Evolutionary genetics of birds IV rates of protein divergence in waterfowl (Anatidae)
- Cite this article as:
- Patton, J.C. & Avise, J.C. Genetica (1986) 68: 129. doi:10.1007/BF02424410
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An electrophoretic comparison of proteins in 26 species of waterfowl (Anatidae), representing two major subfamilies and six subfamilial tribes, led to the following major conclusions: (1) the genetic data, analyzed phenetically and cladistically, generally support traditional concepts of evolutionary relationships, although some areas of disagreement are apparent; (2) species and genera within Anatidae exhibit smaller genetic distances at protein-coding loci than do most non-avian vertebrates of equivalent taxonomic rank; (3) the conservative pattern of protein differentiation in Anatidae parallels patterns previously reported in Passeriforme birds. If previous taxonomic assignments and ages of anatid fossils are reliable, it would appear that the conservative levels of protein divergence among living species may not be due to recent age of the family, but rather to a several-fold deceleration in rate of protein evolution relative to non-avian vertebrates.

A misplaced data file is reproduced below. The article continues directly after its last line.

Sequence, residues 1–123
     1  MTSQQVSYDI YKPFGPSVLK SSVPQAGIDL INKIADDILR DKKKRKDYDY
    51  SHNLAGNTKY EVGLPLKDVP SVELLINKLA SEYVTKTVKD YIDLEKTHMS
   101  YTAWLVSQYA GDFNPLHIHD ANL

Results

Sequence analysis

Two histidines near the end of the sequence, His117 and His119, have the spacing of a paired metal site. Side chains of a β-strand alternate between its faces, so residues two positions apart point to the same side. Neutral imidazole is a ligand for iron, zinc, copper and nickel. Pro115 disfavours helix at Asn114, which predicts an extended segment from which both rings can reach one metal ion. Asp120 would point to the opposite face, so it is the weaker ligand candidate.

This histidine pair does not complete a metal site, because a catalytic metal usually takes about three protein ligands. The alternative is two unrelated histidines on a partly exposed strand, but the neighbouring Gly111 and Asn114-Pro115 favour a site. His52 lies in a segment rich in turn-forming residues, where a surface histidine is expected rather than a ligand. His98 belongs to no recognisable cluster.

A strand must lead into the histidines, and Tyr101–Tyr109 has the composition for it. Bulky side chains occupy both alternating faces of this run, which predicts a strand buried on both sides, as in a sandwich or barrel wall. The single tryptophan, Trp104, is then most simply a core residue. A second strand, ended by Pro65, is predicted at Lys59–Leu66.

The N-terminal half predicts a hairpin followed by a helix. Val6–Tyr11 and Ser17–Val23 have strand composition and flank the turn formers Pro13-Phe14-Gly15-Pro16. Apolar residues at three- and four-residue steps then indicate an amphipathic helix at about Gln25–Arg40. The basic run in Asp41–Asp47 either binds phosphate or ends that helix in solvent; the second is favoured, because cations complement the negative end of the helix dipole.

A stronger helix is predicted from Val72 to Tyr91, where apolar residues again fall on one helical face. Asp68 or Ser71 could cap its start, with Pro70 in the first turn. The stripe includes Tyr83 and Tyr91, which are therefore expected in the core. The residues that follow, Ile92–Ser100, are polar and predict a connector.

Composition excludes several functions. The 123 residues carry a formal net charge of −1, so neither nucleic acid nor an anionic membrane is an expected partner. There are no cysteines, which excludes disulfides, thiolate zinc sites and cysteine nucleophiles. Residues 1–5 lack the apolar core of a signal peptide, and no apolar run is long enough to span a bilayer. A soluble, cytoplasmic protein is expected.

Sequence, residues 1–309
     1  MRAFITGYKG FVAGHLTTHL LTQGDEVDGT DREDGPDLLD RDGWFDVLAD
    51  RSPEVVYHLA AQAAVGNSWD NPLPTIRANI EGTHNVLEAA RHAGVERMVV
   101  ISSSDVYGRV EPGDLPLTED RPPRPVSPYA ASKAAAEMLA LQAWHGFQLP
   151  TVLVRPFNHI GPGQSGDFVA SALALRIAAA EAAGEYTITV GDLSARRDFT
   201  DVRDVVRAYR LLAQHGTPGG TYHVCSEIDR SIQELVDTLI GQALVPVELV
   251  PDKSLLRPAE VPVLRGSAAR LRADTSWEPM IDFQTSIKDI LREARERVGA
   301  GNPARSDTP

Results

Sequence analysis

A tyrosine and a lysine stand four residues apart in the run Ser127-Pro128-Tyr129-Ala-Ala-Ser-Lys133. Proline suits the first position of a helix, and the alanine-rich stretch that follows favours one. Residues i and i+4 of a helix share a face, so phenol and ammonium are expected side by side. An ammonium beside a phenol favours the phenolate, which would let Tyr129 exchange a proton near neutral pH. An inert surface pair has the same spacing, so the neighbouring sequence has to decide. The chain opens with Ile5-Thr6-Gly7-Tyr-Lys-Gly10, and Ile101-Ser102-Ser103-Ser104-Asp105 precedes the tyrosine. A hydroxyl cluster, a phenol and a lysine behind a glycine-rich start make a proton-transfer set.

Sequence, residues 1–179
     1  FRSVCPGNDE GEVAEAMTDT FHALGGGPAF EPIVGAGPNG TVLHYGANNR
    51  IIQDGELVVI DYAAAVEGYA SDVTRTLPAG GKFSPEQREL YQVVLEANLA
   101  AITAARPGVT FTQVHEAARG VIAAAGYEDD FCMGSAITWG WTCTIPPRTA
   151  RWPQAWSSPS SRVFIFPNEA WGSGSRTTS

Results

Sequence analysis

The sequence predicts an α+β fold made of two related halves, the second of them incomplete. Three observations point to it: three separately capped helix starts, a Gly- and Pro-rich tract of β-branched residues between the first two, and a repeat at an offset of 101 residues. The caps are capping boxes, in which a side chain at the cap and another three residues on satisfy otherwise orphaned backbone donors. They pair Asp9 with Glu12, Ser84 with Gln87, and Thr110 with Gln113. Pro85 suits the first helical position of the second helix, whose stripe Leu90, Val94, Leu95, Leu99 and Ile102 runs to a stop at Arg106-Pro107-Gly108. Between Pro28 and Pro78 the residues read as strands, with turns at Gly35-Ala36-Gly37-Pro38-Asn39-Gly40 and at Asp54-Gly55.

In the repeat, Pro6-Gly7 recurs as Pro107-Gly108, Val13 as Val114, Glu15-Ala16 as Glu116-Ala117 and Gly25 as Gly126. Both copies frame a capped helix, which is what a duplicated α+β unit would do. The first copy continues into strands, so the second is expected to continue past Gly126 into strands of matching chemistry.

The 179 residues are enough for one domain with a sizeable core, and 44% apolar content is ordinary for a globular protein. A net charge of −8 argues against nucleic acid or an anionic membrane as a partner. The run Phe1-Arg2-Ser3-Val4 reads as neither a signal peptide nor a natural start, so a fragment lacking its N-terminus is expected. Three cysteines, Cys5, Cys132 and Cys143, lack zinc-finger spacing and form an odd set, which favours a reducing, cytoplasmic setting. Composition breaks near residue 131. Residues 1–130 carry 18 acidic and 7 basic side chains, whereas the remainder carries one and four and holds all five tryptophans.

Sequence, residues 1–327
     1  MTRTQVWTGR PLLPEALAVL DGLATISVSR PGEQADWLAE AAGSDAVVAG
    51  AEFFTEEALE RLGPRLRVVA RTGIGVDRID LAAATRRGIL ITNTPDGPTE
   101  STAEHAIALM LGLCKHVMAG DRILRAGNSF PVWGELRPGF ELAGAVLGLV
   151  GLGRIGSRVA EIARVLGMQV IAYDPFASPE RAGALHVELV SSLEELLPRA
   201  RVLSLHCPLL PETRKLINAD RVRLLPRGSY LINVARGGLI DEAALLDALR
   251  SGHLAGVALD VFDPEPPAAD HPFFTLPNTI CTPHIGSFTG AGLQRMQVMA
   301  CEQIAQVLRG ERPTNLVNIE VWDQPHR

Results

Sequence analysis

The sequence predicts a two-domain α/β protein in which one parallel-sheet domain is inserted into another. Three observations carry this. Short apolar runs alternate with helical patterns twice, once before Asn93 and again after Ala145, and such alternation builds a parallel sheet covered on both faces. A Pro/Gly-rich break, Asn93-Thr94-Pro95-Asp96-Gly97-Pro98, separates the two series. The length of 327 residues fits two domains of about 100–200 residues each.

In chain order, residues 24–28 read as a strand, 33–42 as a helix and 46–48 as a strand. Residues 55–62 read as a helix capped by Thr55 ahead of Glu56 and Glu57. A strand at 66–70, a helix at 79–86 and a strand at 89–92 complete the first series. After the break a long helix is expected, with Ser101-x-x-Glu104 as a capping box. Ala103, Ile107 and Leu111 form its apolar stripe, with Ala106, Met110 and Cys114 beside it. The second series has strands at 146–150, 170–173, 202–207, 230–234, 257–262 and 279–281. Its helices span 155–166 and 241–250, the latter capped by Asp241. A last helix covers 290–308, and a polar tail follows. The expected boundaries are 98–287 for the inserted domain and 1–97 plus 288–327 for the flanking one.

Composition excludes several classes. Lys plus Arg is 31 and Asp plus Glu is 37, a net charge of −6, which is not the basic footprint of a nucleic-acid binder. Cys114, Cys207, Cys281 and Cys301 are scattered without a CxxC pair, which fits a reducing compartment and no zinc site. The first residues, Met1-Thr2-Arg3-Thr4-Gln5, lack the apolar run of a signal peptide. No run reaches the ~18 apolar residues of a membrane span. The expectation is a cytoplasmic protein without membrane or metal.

Since it now appears quite possible that homologous proteins can evolve at different rates in different phylads, molecular-based conclusions about absolute divergence times for species with a poor fossil record should remain appropriately reserved. However, the recognition and study of the phenomenon of apparent heterogeneity in rates of protein divergence across phylads may eventually enhance our understanding of molecular and organismal evolution.